The gloves, helmets, and sticks were sent to the skies on Saturday night as Team Canada captured their 23rd gold medal at the Hlinka Gretzky Cup. Canada went undefeated in the tournament rounding out the week with a 4-1 win over Sweden to take home the gold.
It didn’t take Canada long to open the scoring after Tanner Howe got the goal siren buzzing less than six minutes into the first period, banking his shot off the back of Noah Erliden in the Swedish goal. Howe created a few more chances tonight and came close but was kept to only one. Shortly after his goal, Canada conceded only their third goal of the week and tied at one for the first time in the tournament. A turnover in the neutral zone gave Hugo Pettersson a ton of open ice ahead of him, and he made no mistake. However, the Canadians didn’t go away and pushed back to regain the lead. That second goal came late in the period from, who else, Ethan Gauthier. Riley Heidt found Gauthier on the edge of the faceoff circle, and he capitalized on the opportunity with a well placed snipe. The Sherbrooke Phoenix forward was lethal for Canada and finished with six goals, which led the tournament.
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Canada came out pressing in the second period, and their efforts were rewarded. A fortunate bounce for Calum Ritchie resulted in his fourth for Canada. The puck wrapped around the boards but hit them awkwardly, bouncing right out in front for Ritchie to tap into an open net. Brayden Yager closed the game, putting Canada up 4-1 with less than five to play in the third period.
Shortly after, Oh Canada echoed through the Peavey Mart Centrium in Red Deer as Canada celebrated yet another gold medal.

Takeaways

  • Between the pipes, Scott Ratzlaff had another stellar game stopping 25 of 26 shots. He finished the tournament with 0.50 goals against average, and a 0.976 save percentage, along with two shutouts. Some people think it’s easy being the goaltender for Team Canada, but it’s not. Ratzlaff earned those numbers every night and was arguably the Canadian’s best player at the tournament.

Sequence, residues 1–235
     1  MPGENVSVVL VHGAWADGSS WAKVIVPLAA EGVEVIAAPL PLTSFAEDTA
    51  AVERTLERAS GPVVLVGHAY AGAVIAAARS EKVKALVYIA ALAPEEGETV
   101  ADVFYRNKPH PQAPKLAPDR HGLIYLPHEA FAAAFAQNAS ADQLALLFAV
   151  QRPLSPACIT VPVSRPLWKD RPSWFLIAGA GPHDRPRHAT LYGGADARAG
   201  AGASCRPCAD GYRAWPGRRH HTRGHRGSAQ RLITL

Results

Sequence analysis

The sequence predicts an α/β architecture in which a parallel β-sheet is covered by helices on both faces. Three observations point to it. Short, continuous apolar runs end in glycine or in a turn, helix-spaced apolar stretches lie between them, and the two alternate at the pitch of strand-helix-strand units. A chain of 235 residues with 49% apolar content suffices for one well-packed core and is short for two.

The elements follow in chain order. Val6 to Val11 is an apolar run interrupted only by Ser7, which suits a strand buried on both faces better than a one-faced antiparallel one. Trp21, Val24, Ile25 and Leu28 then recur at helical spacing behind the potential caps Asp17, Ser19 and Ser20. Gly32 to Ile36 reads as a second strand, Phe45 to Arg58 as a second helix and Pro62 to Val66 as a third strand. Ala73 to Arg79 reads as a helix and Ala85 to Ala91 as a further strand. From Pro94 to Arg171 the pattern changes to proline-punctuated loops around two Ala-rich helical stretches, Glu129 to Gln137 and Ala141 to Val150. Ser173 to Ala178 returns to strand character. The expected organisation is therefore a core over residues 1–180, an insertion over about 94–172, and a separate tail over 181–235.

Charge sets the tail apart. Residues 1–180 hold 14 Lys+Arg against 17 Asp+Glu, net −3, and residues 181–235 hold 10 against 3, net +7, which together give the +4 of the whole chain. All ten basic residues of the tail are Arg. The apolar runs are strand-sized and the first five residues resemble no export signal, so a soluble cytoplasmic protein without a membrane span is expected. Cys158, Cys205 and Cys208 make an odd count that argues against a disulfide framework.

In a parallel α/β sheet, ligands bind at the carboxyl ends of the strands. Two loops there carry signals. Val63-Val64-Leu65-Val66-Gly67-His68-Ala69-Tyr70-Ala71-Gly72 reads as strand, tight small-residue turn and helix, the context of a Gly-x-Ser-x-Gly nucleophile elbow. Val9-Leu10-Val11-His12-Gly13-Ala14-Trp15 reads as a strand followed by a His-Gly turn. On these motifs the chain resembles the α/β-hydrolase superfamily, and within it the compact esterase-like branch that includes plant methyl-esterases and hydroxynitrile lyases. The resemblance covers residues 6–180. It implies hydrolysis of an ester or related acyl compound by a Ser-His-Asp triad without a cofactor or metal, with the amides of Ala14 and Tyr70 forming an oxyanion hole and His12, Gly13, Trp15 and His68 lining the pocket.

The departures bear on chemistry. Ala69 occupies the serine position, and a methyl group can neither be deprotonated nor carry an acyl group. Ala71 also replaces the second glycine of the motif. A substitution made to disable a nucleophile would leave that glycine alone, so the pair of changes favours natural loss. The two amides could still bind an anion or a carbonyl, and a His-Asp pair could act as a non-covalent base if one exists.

• Canada one this tournament without their best eligible player, Connor Bedard, and did it with ease. I can only imagine the damage he would’ve done this past week.
  • Canada’s offence was rolling and scored a whopping 34 goals in only five games. Only Oliver Bonk was left off the box score, but he played a pivot role in the team’s defensive game, which only allowed three goals.
  • Calum Ritchie finished the tournament with 10 points, which was the most.
  • The 2005 draft class is elite and one that could go down in history. If you have the opportunity to go and watch these kids in a junior rink near you, I would highly recommend it.

Post Game Quotes

*quotes from the Hockey Canada Website
“Three weeks ago, we put this roster together, and I felt right away this was a tight group,” said head coach Stéphane Julien. “It’s not easy when you have this much talent, but everyone accepted their role, and I’m so happy for them.”
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“This is an unbelievable group of guys. We came to play today and all week long. We had one goal all along, and that was to win, and this feels amazing. The atmosphere was amazing, these fans, this country … this was a great experience,” said Ethan Gauthier.

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